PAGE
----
Current Projects

The MGCF was founded by Ruth Keesling and supporters of the late primatologist Dian Fossey, to ensure the survival of this magnificent species. Working closely with the Rwandan and Ugandan governments, MGCF has developed a multi-faceted approach to meeting the needs of both gorillas and humans through the following projects:

Teacher Training Guide:

Gorilla, Habitat and People Surrounding the National Parks. This training guide is being used by teachers in Uganda to educate students about Mountain Gorillas, their habitat and what the people around the parks are doing to coexist with these highly endangered primates.

MGCF holds teacher meeting and distributes Training Guides to reach out to the student population of over 50,000. Plans are underway to get the Guide translated into French for Rwanda and the Democratic Republic of the Congo.

Sister School Relationship Program:
This program connects area schools with schools throughout the world. International students write letters and create posters, books or gifts about their local communities and ecosystems and share them with students in Rwanda and Uganda. MGCF is also working to establish a fund through which monetary donations can be funneled to the African schools. The funds will be used to purchase school supplies from local stores and to underwrite the cost of field trips into the national parks for teachers and students to see the gorillas firsthand.

Construction of Protected Disposal Pits: MGCF is working with the Uganda Wildlife Authority (UWA) to construct 16 protected disposal pits near Bwindi Impenetrable National Park. Current garbage pits are shallow and open, allowing gorillas and other wildlife dangerous access to kitchen refuse, strange foods, human waste and such foreign substances as polythene bags. The construction of these closed pits will help reduce the amount of trash and human waste near the park, thereby reducing the incidence of diseases transmitted to the gorillas and other wildlife. A final phase of this project will address garbage and human waste disposal at homesteads adjacent to the park by teaching local residents about health care and concerns.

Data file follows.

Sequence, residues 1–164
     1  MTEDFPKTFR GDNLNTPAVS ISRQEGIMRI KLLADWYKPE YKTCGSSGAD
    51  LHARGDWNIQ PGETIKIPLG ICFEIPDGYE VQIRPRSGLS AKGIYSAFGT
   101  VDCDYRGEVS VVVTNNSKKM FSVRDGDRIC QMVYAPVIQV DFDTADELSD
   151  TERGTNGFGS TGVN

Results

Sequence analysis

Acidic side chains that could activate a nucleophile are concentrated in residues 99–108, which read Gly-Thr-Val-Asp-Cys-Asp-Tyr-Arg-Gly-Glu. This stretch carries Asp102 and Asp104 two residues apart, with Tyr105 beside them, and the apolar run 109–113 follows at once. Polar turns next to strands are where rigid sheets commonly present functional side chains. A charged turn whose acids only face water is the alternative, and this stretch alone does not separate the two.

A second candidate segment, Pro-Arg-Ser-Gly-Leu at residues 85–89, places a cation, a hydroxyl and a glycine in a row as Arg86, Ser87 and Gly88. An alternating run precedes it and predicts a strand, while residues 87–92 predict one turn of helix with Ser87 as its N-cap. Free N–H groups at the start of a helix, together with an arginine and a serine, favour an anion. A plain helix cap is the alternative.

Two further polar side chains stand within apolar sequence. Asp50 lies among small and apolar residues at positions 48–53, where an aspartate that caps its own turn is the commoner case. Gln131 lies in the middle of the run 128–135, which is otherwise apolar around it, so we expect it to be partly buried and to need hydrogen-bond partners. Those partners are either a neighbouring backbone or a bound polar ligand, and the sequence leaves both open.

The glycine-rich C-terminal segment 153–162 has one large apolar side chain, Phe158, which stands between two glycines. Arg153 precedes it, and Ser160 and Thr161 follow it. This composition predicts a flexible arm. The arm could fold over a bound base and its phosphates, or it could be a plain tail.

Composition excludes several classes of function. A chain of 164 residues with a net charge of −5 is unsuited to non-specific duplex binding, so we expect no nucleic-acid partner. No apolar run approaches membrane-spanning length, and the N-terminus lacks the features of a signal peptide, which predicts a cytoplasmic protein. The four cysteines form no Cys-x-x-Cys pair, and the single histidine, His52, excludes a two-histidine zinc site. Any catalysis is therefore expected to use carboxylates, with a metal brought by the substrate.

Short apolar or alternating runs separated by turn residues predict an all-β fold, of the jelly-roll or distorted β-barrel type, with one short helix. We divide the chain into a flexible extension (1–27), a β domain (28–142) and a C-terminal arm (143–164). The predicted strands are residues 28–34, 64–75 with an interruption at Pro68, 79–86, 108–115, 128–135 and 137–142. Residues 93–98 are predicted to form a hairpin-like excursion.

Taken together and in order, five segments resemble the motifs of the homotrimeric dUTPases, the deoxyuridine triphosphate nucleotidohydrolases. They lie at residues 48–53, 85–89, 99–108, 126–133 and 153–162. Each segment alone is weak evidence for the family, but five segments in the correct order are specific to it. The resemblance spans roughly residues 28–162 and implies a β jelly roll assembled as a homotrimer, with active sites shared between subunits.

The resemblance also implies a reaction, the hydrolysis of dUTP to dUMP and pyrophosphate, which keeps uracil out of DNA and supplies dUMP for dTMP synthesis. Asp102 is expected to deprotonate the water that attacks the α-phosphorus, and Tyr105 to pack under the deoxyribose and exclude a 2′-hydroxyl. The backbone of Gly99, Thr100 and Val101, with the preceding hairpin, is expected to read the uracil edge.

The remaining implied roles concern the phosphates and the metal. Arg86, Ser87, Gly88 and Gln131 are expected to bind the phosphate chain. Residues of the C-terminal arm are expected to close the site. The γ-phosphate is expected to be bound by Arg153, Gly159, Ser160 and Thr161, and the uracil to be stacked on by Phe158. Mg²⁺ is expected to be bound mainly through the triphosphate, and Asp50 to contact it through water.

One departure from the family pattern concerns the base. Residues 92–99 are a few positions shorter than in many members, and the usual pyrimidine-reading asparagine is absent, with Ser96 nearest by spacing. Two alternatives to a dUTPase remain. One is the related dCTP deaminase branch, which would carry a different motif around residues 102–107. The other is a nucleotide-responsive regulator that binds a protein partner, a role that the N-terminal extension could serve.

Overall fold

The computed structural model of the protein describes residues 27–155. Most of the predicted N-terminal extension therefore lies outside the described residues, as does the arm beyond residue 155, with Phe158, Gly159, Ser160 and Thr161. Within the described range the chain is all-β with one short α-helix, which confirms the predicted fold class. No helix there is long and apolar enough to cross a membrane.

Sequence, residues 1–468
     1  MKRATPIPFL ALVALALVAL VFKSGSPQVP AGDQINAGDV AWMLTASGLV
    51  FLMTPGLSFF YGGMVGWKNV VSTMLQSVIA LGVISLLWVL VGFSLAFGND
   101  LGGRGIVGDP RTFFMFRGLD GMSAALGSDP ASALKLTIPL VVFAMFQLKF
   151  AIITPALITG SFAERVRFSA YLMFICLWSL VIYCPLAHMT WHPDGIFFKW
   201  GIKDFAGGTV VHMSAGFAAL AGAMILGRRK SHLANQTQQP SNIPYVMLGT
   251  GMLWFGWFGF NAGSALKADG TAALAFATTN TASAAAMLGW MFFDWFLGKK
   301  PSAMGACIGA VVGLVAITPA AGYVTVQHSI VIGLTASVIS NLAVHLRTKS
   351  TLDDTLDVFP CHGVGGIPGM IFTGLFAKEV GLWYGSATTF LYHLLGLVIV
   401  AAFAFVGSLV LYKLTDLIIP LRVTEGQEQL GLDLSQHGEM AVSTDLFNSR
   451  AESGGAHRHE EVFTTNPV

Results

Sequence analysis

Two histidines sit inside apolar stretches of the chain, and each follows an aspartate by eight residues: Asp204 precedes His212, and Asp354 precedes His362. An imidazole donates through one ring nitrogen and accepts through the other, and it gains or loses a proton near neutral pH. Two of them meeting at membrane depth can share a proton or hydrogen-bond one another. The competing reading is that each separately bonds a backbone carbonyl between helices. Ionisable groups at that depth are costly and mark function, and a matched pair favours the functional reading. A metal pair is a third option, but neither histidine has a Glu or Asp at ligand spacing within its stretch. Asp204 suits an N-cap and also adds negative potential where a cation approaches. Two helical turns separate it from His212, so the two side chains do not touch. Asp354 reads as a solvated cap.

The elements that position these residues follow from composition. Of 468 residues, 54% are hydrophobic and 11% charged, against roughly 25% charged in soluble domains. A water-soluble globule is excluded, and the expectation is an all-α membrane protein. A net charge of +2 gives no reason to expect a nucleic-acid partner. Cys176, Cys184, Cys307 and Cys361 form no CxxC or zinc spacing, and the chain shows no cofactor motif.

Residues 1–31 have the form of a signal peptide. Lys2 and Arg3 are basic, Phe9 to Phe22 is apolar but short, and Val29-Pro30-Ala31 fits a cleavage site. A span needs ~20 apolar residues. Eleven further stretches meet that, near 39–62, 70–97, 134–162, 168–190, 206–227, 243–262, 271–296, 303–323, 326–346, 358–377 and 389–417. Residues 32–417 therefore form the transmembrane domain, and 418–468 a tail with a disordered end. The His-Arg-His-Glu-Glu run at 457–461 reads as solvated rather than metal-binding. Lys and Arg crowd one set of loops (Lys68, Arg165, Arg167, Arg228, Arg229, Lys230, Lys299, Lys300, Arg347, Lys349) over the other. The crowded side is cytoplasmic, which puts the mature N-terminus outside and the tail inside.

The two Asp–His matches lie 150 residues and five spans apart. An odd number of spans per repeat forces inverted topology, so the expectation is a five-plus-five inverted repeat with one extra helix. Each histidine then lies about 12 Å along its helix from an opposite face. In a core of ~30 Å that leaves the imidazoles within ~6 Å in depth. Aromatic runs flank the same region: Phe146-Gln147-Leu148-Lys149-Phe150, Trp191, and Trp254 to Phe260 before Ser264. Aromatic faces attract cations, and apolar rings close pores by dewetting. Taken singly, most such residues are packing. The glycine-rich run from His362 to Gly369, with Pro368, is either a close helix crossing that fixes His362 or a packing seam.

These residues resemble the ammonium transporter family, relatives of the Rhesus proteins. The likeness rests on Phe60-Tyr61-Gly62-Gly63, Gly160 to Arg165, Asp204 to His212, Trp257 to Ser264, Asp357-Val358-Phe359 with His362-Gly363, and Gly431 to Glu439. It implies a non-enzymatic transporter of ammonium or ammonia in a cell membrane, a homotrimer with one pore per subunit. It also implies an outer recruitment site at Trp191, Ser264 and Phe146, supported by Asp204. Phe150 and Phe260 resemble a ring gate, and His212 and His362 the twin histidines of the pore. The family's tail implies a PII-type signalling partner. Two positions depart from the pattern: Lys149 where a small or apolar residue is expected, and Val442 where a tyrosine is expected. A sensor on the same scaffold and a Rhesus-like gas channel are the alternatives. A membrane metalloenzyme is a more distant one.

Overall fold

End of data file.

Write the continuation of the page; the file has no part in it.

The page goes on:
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Domestic Guinea Fowl Husbandry:
MGCF is working with the Department of Wildlife & Animal Resources Management (WARM) and the faculty of veterinary medicine from Makerere University on a two-year pilot program to introduce Guinea Fowl husbandry to the Ugandan districts of Kisoro and Kanungu. If successful, it will be expanded to other districts.

Through this program, people living near the national park will be supplied with Guinea fowl stock and taught how to raise and market it successfully. The projected benefits of this program are manifold: 1) the Guinea fowl, an accepted food source in parts of Africa, will provide a safe and dependable source of protein for people in the area; 2) the sale of Guinea fowl, their eggs and related products will provide a dependable income for those who raise them; 3) the availability of Guinea fowl as a food source will decrease illegal hunting in the national park; and 4) the cooperation between breeders and WARM advisors will lead to better overall relations between communities and natural resources managers as well as an increased awareness of the value of biodiversity.

Veterinary Project:
Trained Veterinarians are always needed to provide care for the Mountain Gorillas that are injured or sick, as well as to monitor the overall heath of gorilla individuals and their familys. With ever-increasing human encroachment, diseases and problems are more frequent. Helping to save the expanding gorilla population is of utmost importance. Veterinary medicines and equipment are needed.

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